In the previous installment of this column, I suggested that we can glorify God on Facebook only if we can honestly thank him for it. I mentioned three areas in particular that might lead us to that conclusion: communicating and receiving information with relative ease, encouraging people with the click of a mouse, and defending our faith as we use it as a platform for Christian apologetics.
But I warned you then that this is a two-part series. We need to take a look at the good and the bad. What are some of the most significant dangers of Facebook? What are some warning signs to look out for? How might Satan be tactfully using this seemingly innocent mechanism to divert God’s children from staying on task?
As I stated last time, I do not have a Facebook account. I hope this admission does not disqualify me from writing an article like this. I have considered it, and I have definitely been encouraged to get one. But for some of the same reasons I will be addressing shortly, I have decided that the potential pitfalls outweigh the possible benefits, at least for me.
Might Paul’s exhortation be helpful in matters other than food sacrificed to idols? Consider his words in the context of Facebook: “ ‘All things are lawful,’ but not all things are helpful. ‘All things are lawful,’ but not all things build up” (1 Cor. 10:23). Christian liberty teaches that where Scripture does not forbid something, neither should we. In no way am I suggesting that Facebook should be forbidden. But I do want you to think. There is a big difference between doing something that is allowed and doing something that is helpful.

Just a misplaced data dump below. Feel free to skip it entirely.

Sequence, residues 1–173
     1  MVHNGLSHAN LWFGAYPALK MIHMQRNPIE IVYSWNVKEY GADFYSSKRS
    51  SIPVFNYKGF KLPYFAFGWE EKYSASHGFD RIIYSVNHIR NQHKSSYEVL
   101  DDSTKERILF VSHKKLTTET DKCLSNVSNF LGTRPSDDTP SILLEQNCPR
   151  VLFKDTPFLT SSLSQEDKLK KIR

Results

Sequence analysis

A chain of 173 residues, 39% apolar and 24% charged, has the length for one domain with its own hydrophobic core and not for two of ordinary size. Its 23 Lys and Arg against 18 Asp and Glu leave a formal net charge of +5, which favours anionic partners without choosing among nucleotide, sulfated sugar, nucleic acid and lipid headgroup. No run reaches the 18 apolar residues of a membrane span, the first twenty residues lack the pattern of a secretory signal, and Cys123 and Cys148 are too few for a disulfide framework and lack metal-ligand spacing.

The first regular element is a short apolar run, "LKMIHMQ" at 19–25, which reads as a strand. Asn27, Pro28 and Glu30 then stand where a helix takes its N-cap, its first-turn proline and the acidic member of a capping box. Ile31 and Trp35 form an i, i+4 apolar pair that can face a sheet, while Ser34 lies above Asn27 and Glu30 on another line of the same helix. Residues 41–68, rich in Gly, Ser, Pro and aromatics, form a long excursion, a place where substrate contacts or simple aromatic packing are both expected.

So what are my three areas of caution? Let’s start with perhaps the most obvious and then work toward the more subtle.
According to the Ipsos Open Thinking Exchange, eighteen- to thirty-four-year-olds report spending 3.8 hours a day on social networks, the most popular by far being Facebook. To put this in perspective, 3.8 hours a day adds up to more than twenty-six hours per week, and a staggering 1,383 hours per year.